How do I get money back for a personal loan with promissory note written and signed?

UPDATED: Dec 15, 2011

Advertiser Disclosure

It’s all about you. We want to help you make the right legal decisions.

We strive to help you make confident insurance and legal decisions. Finding trusted and reliable insurance quotes and legal advice should be easy. This doesn’t influence our content. Our opinions are our own.

UPDATED: Dec 15, 2011Fact Checked

Get Legal Help Today

Compare Quotes From Top Companies and Save

secured lock Secured with SHA-256 Encryption

How do I get money back for a personal loan with promissory note written and signed?

About 1 yer ago, I lent money to a good friend for emergency use. The amount is way above the small claims court limit and is significant. He signed a promissory note to pay me monthly but no payment has been made for the whole year. I have tried asking him for update and he just gave me a BS reason and delayed payment; the result is there is no payment at all. What can I do to collect the loan back? I have asked the bank to reverse the wire but only if my friend approves it. I have run out of options now and most likely have to settle it by legally.

Asked on December 15, 2011 under Bankruptcy Law, California


SJZ, Member, New York Bar / FreeAdvice Contributing Attorney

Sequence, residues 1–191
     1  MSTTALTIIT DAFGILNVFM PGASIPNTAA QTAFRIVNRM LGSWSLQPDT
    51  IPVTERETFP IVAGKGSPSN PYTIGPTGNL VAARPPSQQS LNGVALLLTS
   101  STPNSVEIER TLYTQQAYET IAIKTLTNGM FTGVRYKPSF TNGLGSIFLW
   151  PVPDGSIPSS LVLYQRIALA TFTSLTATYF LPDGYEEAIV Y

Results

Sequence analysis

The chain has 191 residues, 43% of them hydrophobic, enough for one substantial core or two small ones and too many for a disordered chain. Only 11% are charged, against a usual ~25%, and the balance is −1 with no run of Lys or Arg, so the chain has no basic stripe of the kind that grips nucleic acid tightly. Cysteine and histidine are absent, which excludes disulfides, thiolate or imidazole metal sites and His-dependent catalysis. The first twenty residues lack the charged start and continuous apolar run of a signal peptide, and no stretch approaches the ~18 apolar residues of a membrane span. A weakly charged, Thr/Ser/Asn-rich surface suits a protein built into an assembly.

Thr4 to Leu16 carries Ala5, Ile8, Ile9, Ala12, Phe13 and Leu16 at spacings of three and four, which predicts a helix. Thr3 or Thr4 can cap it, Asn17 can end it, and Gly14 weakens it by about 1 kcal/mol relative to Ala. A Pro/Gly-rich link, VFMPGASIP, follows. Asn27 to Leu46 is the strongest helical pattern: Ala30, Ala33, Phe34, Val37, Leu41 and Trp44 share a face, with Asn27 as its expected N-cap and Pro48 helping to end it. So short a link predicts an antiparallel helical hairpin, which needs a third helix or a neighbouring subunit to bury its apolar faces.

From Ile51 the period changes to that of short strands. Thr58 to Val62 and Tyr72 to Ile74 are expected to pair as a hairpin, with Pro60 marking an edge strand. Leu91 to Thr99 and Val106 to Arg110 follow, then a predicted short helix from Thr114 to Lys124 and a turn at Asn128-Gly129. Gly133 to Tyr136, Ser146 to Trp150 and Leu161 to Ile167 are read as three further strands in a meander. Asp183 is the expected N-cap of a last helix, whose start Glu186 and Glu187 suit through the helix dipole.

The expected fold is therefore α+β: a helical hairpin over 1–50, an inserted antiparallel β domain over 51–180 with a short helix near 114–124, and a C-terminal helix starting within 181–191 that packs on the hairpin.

Answered 11 years ago | Contributor

You can sue--that's what you can do. It's also the only way to get your money in this case. A promissory note is enforceable; if the borrow does not repay according to its terms, the lender may sue to enforce the note and get his/her money. For an amount "way above the small claims court limit," you would be well advised to retain an attorney to bring the law suit for you. Good luck.

IMPORTANT NOTICE: The Answer(s) provided above are for general information only. The attorney providing the answer was not serving as the attorney for the person submitting the question or in any attorney-client relationship with such person. Laws may vary from state to state, and sometimes change. Tiny variations in the facts, or a fact not set forth in a question, often can change a legal outcome or an attorney's conclusion. Although has verified the attorney was admitted to practice law in at least one jurisdiction, he or she may not be authorized to practice law in the jurisdiction referred to in the question, nor is he or she necessarily experienced in the area of the law involved. Unlike the information in the Answer(s) above, upon which you should NOT rely, for personal advice you can rely upon we suggest you retain an attorney to represent you.

Get Legal Help Today

Find the right lawyer for your legal issue.

secured lock Secured with SHA-256 Encryption